That was, however, until today when I witnessed a Syrian woman cry in front of my French class as we applauded her for immigrating to France.

On Thursdays I attend a French class in my small city, which is offered for free by a church and designed for recent immigrants to France. I take this class to improve my French, but also as a way to get out of the house and do something with my absurd amount of free time. Moving by myself to a country that has different customs and a different language from what I’m familiar with has been difficult, but today I was reminded just how privileged my experience has been.

Normally our French class is divided into multiple groups so I don’t often interact with other students, but as today was our last class before the holidays, we had a Christmas party, at which some of the volunteers presented a map of where all of the students were from and recognized each country. As I watched this sweet Syrian lady pull tissues from her purse, I felt incredibly moved and incredibly guilty because my biggest struggle of the day was that the instant coffee at the party was not up to par with the Nespresso creation I drink in my 5-bedroom French home, which I moved to not because my country is at war, but because I really had nothing better to do.

France is fun and scary and crazy and challenging and beautiful. It’s difficult being away from my Canadian friends and family, especially at Christmas, but I need to remind myself that moving to France was my choice, and there are many immigrants who were never given a choice. As I watched each student stand up and be applauded for the country they came from, I reflected on just how stupid xenophobia is. People in France welcome me with open arms because I’m Canadian, which apparently means I’m cool and harmless. I just wish that all foreigners here were welcomed with such appreciation, because their need to be here is much greater than mine.

US Election: how I feel as a women

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This morning I woke up to my alarm at 5 am, which I had set so I could see the election results come in in real time because France is six hours ahead of Washington DC. I hit snooze a couple times, thinking I could afford a few more minutes of sleep, because while I knew this election would be close, I assumed it would inevitably come out in the world’s favour.

Boy was I wrong.

Wrapped in two blankets, for comfort more so than warmth, in the morning darkness, I could not believe my eyes. I wondered if the early hour and lack of sleep was clouding my judgement, but as the sun came up and the reality sank in, I started to cry. This is an inconceivable blow for minorities, and as a woman, I feel so much indescribable pain in my heart. And when the seven-year-old girl I care for came downstairs for breakfast and asked why her mom was so shocked by what was on the television, my heart broke over her sweet ignorance to the utter bullshit America just got away with.

As a woman, a feminist, and a decent human being, my upset does not simply lie in the fact that a woman lost, although I am almost positive that if a man presented Hillary’s platform against Trump, he would have won in a landslide. Yes, a woman holding such a high position of power would be truly inspirational to the world, but as a woman, that is a loss I can deal with, because qualified women being shafted by institutionalized sexism is a reality I have unfortunately become acclimatized to. No, what really upsets me, the reason tears were streaming down my face as I gawked at CNN at 5 o’clock this morning, is that the so-called leader of the Free World is a man who has verbally crucified women and openly admitted to acts of sexual assault on national television.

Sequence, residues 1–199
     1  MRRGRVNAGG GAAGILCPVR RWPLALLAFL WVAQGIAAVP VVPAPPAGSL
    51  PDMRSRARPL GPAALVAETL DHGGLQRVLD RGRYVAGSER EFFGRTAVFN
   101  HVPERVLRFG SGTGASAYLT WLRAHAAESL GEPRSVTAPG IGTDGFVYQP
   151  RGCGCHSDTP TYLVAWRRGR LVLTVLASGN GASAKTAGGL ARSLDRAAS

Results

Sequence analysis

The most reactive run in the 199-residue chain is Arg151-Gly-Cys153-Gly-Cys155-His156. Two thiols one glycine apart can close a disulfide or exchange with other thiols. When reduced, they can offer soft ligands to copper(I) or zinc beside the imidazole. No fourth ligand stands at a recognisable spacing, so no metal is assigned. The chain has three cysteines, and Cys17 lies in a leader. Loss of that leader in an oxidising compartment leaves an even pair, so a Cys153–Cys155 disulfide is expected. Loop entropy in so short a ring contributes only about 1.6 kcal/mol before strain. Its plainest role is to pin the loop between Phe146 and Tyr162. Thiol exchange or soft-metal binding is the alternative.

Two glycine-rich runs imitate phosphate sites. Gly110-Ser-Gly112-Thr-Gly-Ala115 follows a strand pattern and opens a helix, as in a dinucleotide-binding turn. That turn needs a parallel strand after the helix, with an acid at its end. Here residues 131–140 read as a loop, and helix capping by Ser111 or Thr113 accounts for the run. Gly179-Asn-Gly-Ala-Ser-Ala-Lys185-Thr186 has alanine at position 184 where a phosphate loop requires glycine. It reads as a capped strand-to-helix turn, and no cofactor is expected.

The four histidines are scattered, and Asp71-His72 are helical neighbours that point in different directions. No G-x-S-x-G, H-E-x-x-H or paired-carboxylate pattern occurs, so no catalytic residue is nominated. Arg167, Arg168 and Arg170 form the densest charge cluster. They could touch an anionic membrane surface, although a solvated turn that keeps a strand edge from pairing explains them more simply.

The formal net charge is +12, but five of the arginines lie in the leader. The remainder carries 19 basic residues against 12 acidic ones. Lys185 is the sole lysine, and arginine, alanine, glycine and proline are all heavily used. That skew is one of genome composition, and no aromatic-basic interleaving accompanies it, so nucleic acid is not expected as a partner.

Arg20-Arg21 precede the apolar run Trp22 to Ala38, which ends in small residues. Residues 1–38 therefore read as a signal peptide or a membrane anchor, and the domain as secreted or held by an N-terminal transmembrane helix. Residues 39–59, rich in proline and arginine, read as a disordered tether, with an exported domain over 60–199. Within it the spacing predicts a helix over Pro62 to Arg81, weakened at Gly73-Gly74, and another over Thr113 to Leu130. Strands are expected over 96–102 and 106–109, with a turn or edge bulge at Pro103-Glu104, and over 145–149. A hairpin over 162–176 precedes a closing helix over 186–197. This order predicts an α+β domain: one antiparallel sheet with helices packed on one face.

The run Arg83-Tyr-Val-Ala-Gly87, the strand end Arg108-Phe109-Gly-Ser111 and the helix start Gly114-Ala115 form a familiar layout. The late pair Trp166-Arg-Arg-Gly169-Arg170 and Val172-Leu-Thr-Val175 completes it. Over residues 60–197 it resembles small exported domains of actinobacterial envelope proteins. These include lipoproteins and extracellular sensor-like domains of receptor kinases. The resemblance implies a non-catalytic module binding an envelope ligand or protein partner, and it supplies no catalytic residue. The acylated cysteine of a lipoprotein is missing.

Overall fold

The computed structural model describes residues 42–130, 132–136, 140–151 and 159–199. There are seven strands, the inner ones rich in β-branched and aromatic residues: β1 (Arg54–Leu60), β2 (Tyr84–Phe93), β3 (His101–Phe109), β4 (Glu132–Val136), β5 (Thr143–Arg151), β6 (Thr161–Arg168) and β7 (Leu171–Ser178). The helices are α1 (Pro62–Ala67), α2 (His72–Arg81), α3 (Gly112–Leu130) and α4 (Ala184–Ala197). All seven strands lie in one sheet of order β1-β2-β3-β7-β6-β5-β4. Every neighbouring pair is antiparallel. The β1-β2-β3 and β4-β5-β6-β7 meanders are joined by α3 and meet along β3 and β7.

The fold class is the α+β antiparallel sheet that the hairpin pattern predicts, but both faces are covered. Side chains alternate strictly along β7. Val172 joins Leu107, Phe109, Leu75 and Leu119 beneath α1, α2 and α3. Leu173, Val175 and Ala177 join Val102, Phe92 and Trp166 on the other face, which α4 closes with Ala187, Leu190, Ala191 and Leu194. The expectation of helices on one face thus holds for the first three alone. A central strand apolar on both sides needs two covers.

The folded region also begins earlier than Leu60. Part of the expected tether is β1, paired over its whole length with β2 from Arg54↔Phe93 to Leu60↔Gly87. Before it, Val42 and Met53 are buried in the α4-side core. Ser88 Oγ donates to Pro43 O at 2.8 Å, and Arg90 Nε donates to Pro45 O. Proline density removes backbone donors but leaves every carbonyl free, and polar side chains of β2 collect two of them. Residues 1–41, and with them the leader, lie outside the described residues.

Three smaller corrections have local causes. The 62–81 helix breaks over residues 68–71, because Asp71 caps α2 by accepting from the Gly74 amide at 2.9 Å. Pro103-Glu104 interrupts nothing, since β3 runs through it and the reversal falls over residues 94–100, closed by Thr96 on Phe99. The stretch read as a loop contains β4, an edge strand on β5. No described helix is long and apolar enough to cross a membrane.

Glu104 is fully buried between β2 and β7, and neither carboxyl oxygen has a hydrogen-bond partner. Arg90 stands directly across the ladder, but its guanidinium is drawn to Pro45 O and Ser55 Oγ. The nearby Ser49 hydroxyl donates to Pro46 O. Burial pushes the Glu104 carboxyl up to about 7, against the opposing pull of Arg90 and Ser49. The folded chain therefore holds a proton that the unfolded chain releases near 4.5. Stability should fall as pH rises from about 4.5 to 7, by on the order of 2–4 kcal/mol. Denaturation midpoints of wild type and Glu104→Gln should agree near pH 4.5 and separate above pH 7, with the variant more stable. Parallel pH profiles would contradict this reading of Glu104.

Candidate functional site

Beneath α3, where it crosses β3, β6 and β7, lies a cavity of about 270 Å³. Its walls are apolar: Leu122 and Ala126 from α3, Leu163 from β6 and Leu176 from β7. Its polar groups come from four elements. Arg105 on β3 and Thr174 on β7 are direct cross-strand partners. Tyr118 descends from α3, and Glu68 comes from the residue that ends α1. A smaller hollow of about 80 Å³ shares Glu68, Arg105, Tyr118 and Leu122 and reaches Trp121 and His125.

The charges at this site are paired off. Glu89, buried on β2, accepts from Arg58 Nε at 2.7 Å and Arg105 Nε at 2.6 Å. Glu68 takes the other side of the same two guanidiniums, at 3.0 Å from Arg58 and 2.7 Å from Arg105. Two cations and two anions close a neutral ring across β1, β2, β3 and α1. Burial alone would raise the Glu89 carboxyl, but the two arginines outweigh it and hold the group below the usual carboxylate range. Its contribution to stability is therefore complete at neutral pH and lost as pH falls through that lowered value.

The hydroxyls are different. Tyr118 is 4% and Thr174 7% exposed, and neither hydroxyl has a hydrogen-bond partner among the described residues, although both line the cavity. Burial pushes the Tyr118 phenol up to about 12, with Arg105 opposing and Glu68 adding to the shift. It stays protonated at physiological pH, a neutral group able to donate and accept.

I do not blame Hillary for not speaking tonight. I could hardly look at my French daughter this morning, so I cannot even imagine how impossible it would be for Hillary to look out at a crowd of heartbroken women, at a nation of heartbroken women, and tell them that she supports the results of the election, that everything will be okay, that these women are safe in the hands of a self-proclaimed sexual assailant.

I don’t go anywhere alone at night because I am afraid of being sexually assaulted. I hate walking down busy streets because catcalls cut deep. I avoid magazines and mainstream media because it makes me feel criticized and less valued. But all of these fears derive from strangers and faceless people, not from a man known by all, not from such a powerful figure, not from now the most powerful figure in the world. But it isn’t just Trump who I am afraid of; it is of the millions of Americans who passionately listen to what he says. The millions of men and, shockingly, women who propel his ideals and echo his sentiments. Who have become an army of bigots. Who won today.

Canada, you can joke all you want about welcoming Americans into your spare bedrooms, but the reality is, the 49th parallel does not protect us. I am currently living in the South of France, a million miles away from North America, and I do not feel safe. I am mostly joking when I suggest the possibility of a Third World War, and really, war isn’t what I am afraid of. I am afraid of the mentality shift. I am afraid because today, the bigots won. The bigots learned that they can fill their mouths with the most degrading terms, joke about rape, advocate for misogyny, and get away with it. Today the world was told that sexism, racism, hate, are all okay.

In the United States, women were granted the right to vote in 1920. Less than 100 years ago. That is disgusting. And it hasn’t exactly been paradise for the past century. We all need feminism because we do not have gender equality. Plain and simple. The fight for women’s rights is not our past; it is our present. This win is a step backwards for the world. The days when women were not even considered persons in the western world are not so far in the past, so if we step too far backwards, we will find ourselves in a dangerous reality.